Thursday, March 17, 2011

New CCSVI Detection Technique from Dr Zamboni

Wow, Dr Zamboni just keeps pushing forward with ways to help the MS community. One of the issues with CCSVI detection to the point has been the detection of a blockage by neurologists. So, you have many MS patients being misdiagnosed because of a flawed detection process. Now, Dr Zamboni has figured out a way to take the user error out of the equation. He has come up with a process that records blood flow through a plethysmography machine to see if you have blockage. This method eliminates the operator's special training dependency, and makes detection so much quicker and easier.

Here are the details I have right now. The patient wears a collar that measures the volume of fluids in the neck. At first, the patient sits upright in a chair. When the volume stabilizes, the chair is aggessively tilted and the patient is in the supine position. The volume is continuously measured, and this position increases the volume in the neck. Again, the patient is agressively tilted back into an upright position and whamo, an MS patients blood flow takes a long time to decrease again. A normal subjects blood flow decreases almost instantly.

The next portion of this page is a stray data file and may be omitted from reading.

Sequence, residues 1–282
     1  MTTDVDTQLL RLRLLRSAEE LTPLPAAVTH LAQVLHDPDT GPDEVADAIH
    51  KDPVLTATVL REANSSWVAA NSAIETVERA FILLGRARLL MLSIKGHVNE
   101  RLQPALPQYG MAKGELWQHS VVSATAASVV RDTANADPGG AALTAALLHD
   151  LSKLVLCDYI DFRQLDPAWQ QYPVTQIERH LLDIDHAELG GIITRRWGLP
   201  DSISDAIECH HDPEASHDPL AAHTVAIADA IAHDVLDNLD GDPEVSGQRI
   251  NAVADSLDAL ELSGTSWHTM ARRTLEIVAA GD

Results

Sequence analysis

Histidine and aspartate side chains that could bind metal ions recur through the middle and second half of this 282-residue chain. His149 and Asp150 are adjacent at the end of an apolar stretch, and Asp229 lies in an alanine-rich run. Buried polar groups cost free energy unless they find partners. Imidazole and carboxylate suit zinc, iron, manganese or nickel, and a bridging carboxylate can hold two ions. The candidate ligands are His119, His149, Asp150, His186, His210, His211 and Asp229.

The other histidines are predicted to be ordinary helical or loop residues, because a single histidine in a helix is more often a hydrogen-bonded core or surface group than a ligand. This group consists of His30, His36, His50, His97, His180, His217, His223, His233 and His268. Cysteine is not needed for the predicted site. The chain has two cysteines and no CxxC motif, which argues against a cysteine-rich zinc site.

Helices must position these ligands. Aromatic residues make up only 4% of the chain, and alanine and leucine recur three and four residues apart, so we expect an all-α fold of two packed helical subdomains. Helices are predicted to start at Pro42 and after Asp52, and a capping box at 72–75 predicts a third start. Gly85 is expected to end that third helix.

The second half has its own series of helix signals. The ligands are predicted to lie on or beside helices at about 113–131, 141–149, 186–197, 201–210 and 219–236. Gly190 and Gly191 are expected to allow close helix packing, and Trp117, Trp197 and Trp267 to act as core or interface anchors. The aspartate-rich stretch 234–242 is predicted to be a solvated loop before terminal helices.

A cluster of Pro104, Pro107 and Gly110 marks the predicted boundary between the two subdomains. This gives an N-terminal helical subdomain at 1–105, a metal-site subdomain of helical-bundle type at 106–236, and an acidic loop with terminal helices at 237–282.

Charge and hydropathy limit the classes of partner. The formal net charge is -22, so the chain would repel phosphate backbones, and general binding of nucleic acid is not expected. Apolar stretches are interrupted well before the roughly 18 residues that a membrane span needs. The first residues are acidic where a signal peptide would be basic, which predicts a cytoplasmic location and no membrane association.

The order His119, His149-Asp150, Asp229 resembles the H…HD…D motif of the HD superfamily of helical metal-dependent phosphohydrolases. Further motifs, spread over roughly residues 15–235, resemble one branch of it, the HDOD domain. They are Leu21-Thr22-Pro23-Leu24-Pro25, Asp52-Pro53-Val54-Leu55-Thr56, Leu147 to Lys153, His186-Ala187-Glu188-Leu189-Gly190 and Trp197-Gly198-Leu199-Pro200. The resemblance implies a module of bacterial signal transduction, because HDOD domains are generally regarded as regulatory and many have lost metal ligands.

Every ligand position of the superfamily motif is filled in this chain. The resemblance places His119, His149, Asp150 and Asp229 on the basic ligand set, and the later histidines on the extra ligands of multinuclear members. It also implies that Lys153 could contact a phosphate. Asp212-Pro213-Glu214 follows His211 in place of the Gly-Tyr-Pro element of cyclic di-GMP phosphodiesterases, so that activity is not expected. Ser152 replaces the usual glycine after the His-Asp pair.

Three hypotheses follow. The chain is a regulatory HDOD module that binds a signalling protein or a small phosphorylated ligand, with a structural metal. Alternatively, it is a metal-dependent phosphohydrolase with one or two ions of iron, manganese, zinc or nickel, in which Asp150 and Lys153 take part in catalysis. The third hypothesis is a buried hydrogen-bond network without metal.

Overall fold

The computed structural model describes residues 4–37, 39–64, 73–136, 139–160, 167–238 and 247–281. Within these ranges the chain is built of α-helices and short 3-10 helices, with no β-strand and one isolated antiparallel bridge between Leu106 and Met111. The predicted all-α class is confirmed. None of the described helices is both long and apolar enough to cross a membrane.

This is so much simpler and more accurate to see if a patient has CCSVI present or not. After they get a positive that the patient has blockage, then they can use doppler and see what extent the blood flow is impeded. This is going to be so much simpler and more effective in diagnosing since it will remove the user error. This is literally a push button method of testing, which should in turn make the whole diagnostic process easier and more reliable. Thank you Dr Zamboni for continuing to find new and creative ways to help MS sufferers. I am so grateful for men like Dr Zamboni and Dr Swank for not giving up when the medical community pushed back on them and tried to disprove their theories. I will keep my eyes open for a diagnostic center that begins to use this technique, and have my wife and daughter tested.

1 comment:

Cece said...

I am not sure when plethysmography will be used clinically to diagnose CCSVI. Doppler ultrasound and MRV are the two current methods being used. Dr. Zamboni recently presented at ISET in January 2012 about plethysmography. I am very encouraged that it will be the best method for diagnosing CCSVI noninvasively.

When people get tested, it might be that the stenoses are so bad that it's pretty obvious something should be done about it. My jugulars were 80% and 99% occluded, respectively. That looked bad on MRV, it looked bad on doppler, it looked bad on IVUS, and I'm sure it would've looked bad on plethysmography too. :)

Best wishes to you and your wife, with your MS (and possibly CCSVI) journey!